How mind-body intervention specialists help our cancer patients
The room is quiet. Soft light streams through the shaded windows. A soothing voice breaks the silence and addresses the cancer patients and caregivers sitting on yoga mats.
"Focus on your breath. Inhale deeply and exhale," Smitha Mallaiah says. "Bring in positivity and let go of your tension."
Mallaiah, a mind-body intervention specialist at MD Anderson, leads our Yoga for Health class. This is one of several group classes offered for cancer patients and caregivers at our Integrative Medicine Center. The class teaches gentle stretching, breathing and meditation.
Our mind-body intervention specialists offer practices like yoga and meditation to complement cancer treatment and help improve quality of life for our patients and their families.
Mallaiah's goal is to help people taking her class relax and enjoy mindfulness. She says mindfulness is being in the present moment without judgment and realizing your potential for love and kindness.
Cancer affects patients in many ways, Mallaiah says. They're affected by the disease, treatments and side effects such as fatigue. And they're facing the stress of cancer and still needing to manage work and other aspects of life.
"Mind-body practices such as yoga give people the opportunity to be more accepting of their situation and face it and feel more in control," Mallaiah says. "It also provides great physical benefits."
What our mind-body intervention specialists do
Mallaiah, her mind-body intervention specialist colleagues, Rosalinda Engle and Amie Koronczok, along with Alejandro Chaoul, Ph.D., assistant professor in Palliative, Rehabilitation, and Integrative Medicine, are trained in a variety of mind-body techniques. They work together to promote and model habits of health for our patients, caregivers and employees. Recently, they started a yoga class for pediatric patients in MD Anderson Children's Cancer Hospital.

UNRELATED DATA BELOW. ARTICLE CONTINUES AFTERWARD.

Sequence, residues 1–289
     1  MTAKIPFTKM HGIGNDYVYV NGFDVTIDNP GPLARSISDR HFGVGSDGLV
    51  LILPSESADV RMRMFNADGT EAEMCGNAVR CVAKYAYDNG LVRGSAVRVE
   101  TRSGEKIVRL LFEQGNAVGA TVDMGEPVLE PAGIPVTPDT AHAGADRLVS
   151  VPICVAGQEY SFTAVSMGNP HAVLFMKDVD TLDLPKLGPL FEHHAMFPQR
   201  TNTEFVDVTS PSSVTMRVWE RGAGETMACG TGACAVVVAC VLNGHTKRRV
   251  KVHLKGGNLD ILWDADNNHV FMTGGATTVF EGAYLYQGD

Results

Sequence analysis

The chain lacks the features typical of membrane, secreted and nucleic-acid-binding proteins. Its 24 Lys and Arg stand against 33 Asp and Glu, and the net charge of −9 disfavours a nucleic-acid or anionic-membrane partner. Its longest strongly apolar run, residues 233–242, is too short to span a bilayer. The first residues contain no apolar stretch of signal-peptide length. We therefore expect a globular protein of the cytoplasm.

They also participate in research studies. Chaoul says incorporating mind-body practices into patient care and research is relatively new, but it's becoming more popular.
Recent research suggests these practices can benefit patients by:
Decreasing side effects of treatment, like fatigue and cognitive dysfunction
Improving physical well-being and quality of life
Helping them manage and cope with stress
Improving quality of life for our cancer patients and caregiver
"Bringing simple techniques like mindfulness and relaxation to our patients and their families helps improve their quality of life," Mallaiah says. "If we can enhance quality of life for anybody, even for a single moment, that makes us feel worthwhile."
Bonnie Maxson, who attends the Yoga for Health class, says mind-body practices have helped her in her role as caregiver for her husband, Stephen, who is undergoing treatment for esophageal cancer.
"I love the sense of empowerment yoga gives me," she says. "It's the one time of the day I feel I'm in control of my life. The classes also have helped me deal with the joint and back pains that come from sitting for hours in waiting rooms and treatment centers."
Most of all, Maxson enjoys meeting other caregivers through the classes. Together they've created their own support system.
"It helps you feel not so alone because you know everyone is here for essentially the same reason: to find hope," she says.
A longer version of this story originally appeared in Messenger, MD Anderson's bimonthly employee publication.